The first step in building a successful freelance business is coming up with a solid plan of action. You don’t necessarily have to develop an actual business plan in the traditional sense (though it would probably help), but it is very important that you have your goals, promotional strategy and costs mapped out clearly for use as a personal reference. At this stage you should also check what the legal requirements are for operating your particular business model, as you will most likely need to register your business or acquire a license of some sorts in order to operate.
There needs to be absolutely no unresolved details left to figure out once you start trading. If this is your first business, it may well prove helpful to find someone more experienced to mentor you. A mentor doesn’t necessarily need to be someone who has worked in the same exact market you’re planing on entering, but it should be someone who has a record of running a successful freelance business, who can at least give you the basic advise you need to succeed.
If you don’t know anyone locally who can act as your mentor, then it can be well worthwhile looking for someone online. A good place to look is SCORE, a website dedicated to supplying advice and support to small business start-ups. SCORE can also help put people in contact with other similar businesses both locally and nationally which they can lean on for advise. If you can’t find a mentor through Score, try looking on forums that relate to your specific area of interest, as there’s bound to be at least on or two out there that will cover the things you need to know.
Use the time before you launch your business to reach out to as many successful businesses, government agencies, trade associations and communities related to your niche as you can. Ask plenty of questions and learn everything you can about the industry you’re about to step into.
Finally before throwing yourself full time into any new business, make sure you’ve got enough money stored away to see you through at least six months of bare essential house hold bills. It takes time for businesses to start generating a reliable income , whilst poverty and desperation is one way of staying motivated, being able to pay your bills without having to worry about it, will lead to much greater success.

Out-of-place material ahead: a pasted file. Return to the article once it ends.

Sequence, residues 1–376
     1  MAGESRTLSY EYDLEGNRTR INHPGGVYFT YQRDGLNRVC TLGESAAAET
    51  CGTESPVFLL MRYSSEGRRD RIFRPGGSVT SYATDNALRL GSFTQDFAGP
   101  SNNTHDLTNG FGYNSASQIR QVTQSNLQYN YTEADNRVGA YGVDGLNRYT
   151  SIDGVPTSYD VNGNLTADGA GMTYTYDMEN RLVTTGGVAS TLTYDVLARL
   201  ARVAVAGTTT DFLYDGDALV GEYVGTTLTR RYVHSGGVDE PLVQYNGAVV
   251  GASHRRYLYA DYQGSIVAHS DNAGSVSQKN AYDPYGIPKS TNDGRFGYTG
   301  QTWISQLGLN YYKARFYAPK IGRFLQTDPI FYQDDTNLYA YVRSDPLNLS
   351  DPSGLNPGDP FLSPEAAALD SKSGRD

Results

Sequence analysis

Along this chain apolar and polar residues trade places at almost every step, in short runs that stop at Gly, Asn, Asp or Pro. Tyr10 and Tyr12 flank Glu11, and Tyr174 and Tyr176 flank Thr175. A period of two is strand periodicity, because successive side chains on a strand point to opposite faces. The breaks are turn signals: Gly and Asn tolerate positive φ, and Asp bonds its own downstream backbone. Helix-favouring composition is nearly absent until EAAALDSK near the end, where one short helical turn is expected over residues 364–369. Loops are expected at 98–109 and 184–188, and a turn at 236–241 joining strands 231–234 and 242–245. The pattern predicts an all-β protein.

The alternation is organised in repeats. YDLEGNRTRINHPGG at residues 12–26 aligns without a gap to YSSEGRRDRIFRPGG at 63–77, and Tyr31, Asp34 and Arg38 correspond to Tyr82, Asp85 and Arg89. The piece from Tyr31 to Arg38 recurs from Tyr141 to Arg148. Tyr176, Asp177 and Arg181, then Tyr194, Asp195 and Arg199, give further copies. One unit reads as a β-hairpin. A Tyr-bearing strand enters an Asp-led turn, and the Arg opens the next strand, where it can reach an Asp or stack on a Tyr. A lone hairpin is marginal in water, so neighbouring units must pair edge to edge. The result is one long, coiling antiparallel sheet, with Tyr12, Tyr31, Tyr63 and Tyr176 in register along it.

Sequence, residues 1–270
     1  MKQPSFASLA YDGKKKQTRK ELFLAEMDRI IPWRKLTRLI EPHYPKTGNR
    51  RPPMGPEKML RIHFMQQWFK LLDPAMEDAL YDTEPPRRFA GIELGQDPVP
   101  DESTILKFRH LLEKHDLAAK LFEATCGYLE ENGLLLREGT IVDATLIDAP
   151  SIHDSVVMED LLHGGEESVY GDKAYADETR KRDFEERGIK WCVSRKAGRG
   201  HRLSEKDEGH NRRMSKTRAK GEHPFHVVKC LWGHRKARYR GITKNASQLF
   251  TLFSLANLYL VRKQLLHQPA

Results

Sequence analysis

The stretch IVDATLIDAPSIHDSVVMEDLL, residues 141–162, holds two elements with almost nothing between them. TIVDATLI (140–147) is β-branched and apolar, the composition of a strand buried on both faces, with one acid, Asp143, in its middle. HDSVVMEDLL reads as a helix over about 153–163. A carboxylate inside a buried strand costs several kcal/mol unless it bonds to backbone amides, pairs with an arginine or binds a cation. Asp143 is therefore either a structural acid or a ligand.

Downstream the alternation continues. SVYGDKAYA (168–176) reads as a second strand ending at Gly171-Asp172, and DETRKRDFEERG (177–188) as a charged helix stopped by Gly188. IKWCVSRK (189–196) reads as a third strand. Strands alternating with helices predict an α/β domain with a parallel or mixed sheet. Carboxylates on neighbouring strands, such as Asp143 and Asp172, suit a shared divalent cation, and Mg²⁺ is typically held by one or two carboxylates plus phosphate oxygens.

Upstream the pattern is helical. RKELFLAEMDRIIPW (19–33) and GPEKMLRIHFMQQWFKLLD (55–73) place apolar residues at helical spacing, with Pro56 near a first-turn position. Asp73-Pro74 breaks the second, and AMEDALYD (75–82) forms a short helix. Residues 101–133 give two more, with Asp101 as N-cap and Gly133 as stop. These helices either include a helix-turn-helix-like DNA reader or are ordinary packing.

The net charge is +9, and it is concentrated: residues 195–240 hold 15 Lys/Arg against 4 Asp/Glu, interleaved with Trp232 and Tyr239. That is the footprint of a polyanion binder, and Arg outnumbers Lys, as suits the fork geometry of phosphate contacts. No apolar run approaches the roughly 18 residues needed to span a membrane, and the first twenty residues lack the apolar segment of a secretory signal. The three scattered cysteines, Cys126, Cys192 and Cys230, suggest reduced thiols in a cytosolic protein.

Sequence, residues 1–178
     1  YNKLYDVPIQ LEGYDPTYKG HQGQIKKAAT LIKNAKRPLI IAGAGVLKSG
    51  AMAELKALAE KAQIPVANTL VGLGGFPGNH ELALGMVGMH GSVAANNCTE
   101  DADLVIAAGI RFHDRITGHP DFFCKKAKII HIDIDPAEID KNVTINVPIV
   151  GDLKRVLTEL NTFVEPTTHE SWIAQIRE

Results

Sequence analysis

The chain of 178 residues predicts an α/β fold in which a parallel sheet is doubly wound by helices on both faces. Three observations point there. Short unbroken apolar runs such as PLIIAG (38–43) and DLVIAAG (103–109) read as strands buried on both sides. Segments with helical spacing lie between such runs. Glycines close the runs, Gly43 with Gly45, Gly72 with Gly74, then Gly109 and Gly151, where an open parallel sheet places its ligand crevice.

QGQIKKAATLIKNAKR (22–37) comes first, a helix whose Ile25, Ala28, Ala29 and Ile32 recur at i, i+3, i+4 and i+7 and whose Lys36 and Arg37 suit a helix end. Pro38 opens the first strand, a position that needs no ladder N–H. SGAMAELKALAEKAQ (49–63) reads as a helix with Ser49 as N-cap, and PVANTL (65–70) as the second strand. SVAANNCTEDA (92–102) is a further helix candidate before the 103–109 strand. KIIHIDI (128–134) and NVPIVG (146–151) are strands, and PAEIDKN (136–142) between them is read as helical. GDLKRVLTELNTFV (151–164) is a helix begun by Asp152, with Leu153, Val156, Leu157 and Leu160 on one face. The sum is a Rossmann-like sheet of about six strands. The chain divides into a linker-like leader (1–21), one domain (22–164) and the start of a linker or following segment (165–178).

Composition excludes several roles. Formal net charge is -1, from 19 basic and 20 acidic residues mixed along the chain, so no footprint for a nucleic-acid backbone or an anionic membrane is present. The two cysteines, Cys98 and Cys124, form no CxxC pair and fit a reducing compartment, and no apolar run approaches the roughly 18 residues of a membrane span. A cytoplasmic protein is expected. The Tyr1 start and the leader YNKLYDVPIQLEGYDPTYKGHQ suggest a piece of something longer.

Once the business is off the ground, make sure to take every opportunity you come across to promote your brand. This means staying competitive and delivering excellent levels of customer satisfaction. A lot of new businesses will rely on referrals to help them grow, so make sure to always prompt happy customers to spread the word, perhaps offer incentives in the form of discounts or rewards for new referrals.
Make sure to always keep on top of your market. Visit trade shows, network with other business owners and thoroughly analyze not only the competition, but your own business as well. Is it possible for you to be more competitive in pricing? Do you have an area in which you excel over your rivals that can be exploited for profit? Is there a service you can provide your new contacts that you hadn’t thought of before? By regularly asking yourself these questions (and others like them), you should be able to find ways to continuously grow your business from strength to strength.
Finally, don’t ever make the mistake of putting all your eggs in one basket. Whilst it can be tempting to snap up a nice juicy contract from a well paying client, sit back and focus all your attention solely on them, if you do that your entire income could disappear at a moments notice. For your own protection it is always advisable to try and secure several different clients, so that if one project comes to an end, or if something goes wrong for a particular contact, you still have other sources of income to fall back on.
Setting up a successful blogging or freelance business does take a lot of planning and hard work. However, if you are willing to put in the time and effort to make it happen, then there is absolutely no reason why you can’t join the thousands of people working happily from the comfort of their own homes.